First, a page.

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More than a “Bad Mood”: Identifying Teenage Depression

Jessica Stewart

Pensive sad boy teenager in a blue shirt and jeans sitting at the window and closes his face with his hands.Adolescence is riddled with changes, being a teen means wrestling with identity, self-image, belonging, and much more. There are constant transitions which can be confusing and difficult for parents and teens to navigate. We know another contributing factor is that biologically there is an increase in hormones due to puberty that can also lead to emotional changes. It is important to note that this is a normal experience of many parents and teens.

Understanding you are not alone in your experience can be comforting. But it is also important to ask the question: when it is more than just a bad mood?

Teenage Depression

Parents, teachers, caregivers, and teens alike can have difficulties determining the difference between moodiness and depression. Here are some important symptoms to pay attention to:

Withdrawal. This is often one of the first symptoms people tend to notice about someone experiencing depression. Also called anhedonia, lack of pleasure, where the teen stops participating in activities they once found enjoyable. They also tend to decrease communication with family, peers, teachers, and other individuals in their lives.

Low Moods. This is where teens can be labeled as being moody or having mood swings. Sadness, hopelessness, and helplessness are common emotions experienced with depression. However, your teen may also often display increased irritability, and anger. Negative thoughts, and views of themselves, their future, and the world can also exist.

Sleep Patterns. Teens may experience trouble falling asleep or oversleeping. Additionally, they may report or display feelings of tiredness or low energy.

Appetite. Watch their appetites, are they eating more than usual without reasonable explanation (increased physical activities, medication usage, etc.). Teens may also experience significant decrease in appetites, finding themselves rarely able to eat.

Feeling like a Failure. Often you will hear negative views of themselves expressing that “I let everyone down”, “I ruin things”, “I can’t do anything right”.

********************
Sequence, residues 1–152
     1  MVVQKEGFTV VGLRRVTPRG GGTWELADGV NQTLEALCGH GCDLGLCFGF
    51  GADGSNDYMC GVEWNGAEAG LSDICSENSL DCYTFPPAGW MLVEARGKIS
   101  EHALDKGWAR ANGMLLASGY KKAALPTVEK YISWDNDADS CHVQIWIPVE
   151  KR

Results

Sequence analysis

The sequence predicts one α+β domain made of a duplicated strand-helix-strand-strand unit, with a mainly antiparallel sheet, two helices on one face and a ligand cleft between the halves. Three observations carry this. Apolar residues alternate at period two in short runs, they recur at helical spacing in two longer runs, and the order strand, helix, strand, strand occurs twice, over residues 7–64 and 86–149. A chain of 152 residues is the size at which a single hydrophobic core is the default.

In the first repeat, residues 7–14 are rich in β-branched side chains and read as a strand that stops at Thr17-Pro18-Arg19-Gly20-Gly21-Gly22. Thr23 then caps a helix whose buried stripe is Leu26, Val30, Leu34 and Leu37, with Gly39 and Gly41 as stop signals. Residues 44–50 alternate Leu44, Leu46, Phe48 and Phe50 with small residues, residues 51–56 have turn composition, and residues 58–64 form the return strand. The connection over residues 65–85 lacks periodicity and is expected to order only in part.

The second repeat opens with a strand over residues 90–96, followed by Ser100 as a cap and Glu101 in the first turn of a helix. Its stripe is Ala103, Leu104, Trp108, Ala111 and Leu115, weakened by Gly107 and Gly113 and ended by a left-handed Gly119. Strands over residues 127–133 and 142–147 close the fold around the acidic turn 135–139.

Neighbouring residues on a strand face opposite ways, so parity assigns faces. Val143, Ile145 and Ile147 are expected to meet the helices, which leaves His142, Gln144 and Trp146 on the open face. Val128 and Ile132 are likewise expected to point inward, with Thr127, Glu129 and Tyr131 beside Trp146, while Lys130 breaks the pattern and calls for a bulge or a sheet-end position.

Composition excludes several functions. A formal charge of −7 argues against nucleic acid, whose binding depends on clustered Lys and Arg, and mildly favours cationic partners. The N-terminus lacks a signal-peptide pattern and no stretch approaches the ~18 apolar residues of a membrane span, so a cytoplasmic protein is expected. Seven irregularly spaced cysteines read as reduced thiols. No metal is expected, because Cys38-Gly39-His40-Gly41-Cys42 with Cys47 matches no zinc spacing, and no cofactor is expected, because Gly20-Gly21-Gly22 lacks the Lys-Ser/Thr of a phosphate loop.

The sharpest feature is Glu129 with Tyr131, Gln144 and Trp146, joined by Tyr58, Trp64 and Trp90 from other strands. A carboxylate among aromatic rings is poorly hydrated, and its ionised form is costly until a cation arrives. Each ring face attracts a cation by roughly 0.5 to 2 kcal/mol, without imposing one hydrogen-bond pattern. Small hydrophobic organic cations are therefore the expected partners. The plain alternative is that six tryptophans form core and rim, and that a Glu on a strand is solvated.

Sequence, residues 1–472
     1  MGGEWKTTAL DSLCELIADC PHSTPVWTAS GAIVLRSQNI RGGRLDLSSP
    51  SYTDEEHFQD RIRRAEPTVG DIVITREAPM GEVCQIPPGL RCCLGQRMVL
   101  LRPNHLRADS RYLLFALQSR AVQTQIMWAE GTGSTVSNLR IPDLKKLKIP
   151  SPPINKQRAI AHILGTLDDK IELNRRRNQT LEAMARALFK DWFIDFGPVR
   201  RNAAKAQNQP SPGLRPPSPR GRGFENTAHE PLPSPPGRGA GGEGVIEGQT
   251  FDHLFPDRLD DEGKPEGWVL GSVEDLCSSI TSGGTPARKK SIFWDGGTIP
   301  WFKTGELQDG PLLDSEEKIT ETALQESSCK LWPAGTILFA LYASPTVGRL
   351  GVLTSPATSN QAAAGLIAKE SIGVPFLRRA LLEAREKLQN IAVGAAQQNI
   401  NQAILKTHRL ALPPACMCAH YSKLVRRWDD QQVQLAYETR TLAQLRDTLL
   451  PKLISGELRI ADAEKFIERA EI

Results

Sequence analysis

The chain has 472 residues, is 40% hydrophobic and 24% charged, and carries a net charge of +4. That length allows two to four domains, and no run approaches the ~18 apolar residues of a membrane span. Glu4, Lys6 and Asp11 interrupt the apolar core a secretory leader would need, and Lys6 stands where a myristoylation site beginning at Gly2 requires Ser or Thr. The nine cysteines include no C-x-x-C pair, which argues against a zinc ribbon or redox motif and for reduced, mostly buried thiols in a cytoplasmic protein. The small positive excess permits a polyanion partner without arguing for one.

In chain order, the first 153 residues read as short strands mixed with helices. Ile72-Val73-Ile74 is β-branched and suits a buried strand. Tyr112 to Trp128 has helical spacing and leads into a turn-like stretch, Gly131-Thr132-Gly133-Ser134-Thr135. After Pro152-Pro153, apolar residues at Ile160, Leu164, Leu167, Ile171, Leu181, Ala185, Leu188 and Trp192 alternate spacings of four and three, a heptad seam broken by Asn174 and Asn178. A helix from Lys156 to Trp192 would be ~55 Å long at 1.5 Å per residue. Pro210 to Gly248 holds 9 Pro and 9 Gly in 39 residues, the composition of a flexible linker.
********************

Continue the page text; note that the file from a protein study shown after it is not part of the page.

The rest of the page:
Lack of Concentration. Teens with depression may experience difficulty completing tasks like homework or classwork, sitting still in class, listening as teachers or adults speak. This can be mistaken for defiance, disrespectful, or conduct issues, it is important to offer genuine concern and desire for understanding to learn the reasons behind their behaviors.

Decreased psychomotor skills. Depression can impact language and mobility. Others may notice the teen moving or speaking slower than normal. Or the opposite may be true, students can find it extremely difficult to sit still or remain in one spot. They may be identified as being fidgety or restless.

Suicide Ideation or Self harm. A symptom of depression can be thoughts of suicide, or feeling that they would be better off dead, or wanting to harm themselves in some way. They may also participate in self harming behaviors.

All of these symptoms can point to signs of depression. In addition to the symptoms, it is important for parents, teens, and teachers to look at these three things to help them decide between a bad mood and depression:

  • Severity what areas of life it is impacting, and intensity of symptoms.
  • Duration how long it is lasting. Noticeable deterioration in behavior or mood that lasts two weeks or longer for major depression or more days than not for a year with Dysthymic disorder.
  • Domains what area of life does this impact: home, school, friends.

We know that depression untreated can lead to problematic outcomes for example suicidal behaviors and substance abuse. Fortunately, there is hope and early intervention leads to more favorable prognosis for teens. If you discover that you, your teen, or someone you know is struggling with depression, counseling may be a great place for you to start. Contact Summit Counseling Center today to hear about the groups, individual, and family therapy options we have available.

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